Instances of match fixing grab major media headlines but are extremely rare, he added. “We monitor hundreds of thousands of events and games around the world every year, and it’s a tiny percentage, less than one percent, that ever cause any concerns,” Cunningham said.
“In certain team sports you see more issues than others globally. The corruptors and fixers tend to target the bigger betting markets where they can make their money – the economics of the fix. Without picking on soccer, it’s well-documented that soccer, globally, has match-fixing incidents in various jurisdictions around the world. It can involve the team and players being corrupted as well as the match officials and referees. But our analysis and systems are attuned to spot different types of fixes.”
So the NHL can relax knowing its upcoming influx of single-game bettors will feel safe. It also knows it’s in good hands welcoming bettors with its new U.S. broadcast partners: The Walt Disney Company, ESPN and TNT.
The multi-platform streaming capabilities offered by those new partners as well as the Canadian broadcast rightsholders will only enrich the single-game betting experience.
That said, the NHL believes it’s crucial to offer fans customization without cramming the betting experience down their throats. Rather than pump non-stop betting information into broadcasts, the TV partners will likely offer separate channels or streams of games that are optional for bettors to access. “That, to us, is fun and exciting,” Wachtel said.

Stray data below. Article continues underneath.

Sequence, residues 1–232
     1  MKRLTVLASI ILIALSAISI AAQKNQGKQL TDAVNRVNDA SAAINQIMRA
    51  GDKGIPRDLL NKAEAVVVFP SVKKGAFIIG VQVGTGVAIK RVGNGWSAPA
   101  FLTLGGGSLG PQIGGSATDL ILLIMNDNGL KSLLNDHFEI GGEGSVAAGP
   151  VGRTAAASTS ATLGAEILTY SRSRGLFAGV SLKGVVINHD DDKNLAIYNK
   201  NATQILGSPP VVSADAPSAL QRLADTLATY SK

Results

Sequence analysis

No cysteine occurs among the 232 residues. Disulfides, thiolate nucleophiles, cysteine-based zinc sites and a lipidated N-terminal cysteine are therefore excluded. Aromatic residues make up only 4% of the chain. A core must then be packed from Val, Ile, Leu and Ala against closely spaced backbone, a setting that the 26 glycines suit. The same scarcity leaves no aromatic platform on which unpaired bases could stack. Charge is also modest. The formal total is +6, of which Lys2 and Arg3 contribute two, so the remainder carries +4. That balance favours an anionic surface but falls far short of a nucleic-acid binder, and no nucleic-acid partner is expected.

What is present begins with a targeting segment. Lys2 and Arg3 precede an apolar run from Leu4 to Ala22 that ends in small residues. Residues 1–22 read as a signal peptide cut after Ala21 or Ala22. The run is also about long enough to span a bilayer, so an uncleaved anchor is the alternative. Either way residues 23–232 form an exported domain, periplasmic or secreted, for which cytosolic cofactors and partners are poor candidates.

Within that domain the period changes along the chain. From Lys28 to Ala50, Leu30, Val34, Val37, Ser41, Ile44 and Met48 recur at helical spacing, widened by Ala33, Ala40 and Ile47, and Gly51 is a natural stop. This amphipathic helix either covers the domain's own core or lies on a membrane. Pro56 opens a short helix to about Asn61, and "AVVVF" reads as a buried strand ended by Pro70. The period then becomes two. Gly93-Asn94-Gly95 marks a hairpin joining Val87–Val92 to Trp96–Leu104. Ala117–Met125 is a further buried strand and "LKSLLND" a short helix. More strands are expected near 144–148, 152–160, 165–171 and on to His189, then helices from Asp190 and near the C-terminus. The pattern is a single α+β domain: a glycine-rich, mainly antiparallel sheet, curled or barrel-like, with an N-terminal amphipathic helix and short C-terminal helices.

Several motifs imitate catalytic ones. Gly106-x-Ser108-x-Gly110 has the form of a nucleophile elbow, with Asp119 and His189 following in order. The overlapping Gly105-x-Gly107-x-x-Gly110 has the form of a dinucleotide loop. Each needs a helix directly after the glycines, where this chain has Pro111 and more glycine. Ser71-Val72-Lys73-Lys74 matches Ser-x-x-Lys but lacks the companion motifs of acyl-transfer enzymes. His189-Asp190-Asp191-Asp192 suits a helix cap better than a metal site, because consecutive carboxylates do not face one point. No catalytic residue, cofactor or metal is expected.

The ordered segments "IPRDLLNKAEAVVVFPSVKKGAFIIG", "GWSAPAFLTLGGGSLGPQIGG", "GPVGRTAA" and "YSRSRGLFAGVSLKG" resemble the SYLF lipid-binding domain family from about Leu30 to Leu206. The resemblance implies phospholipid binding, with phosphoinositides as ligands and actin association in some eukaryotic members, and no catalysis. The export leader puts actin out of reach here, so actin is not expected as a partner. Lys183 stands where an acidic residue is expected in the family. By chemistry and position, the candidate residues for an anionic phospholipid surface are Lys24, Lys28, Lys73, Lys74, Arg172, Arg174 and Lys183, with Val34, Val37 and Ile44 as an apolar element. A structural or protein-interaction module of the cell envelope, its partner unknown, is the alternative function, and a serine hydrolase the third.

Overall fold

“What we don’t want to do is have the traditional telecast have 24/7 betting like you’re sitting in a sportsbook in Las Vegas, because not everybody wants that. That’s the same with the use of digital media: provide personalization and choice. If the fan wants to see odds throughout the game that change and the opportunity to actually bet on these things while a broadcast is happening? That’s great. But there are going to be others that don’t want to. We have to find the right balance.”
If you’re among the keeners who are looking for the immersive hockey-betting experience, it’s coming. Puck and player tracking and the changes to Canadian laws on single-event wagers will spike the public’s interest even more. Start squirrelling away your fun money.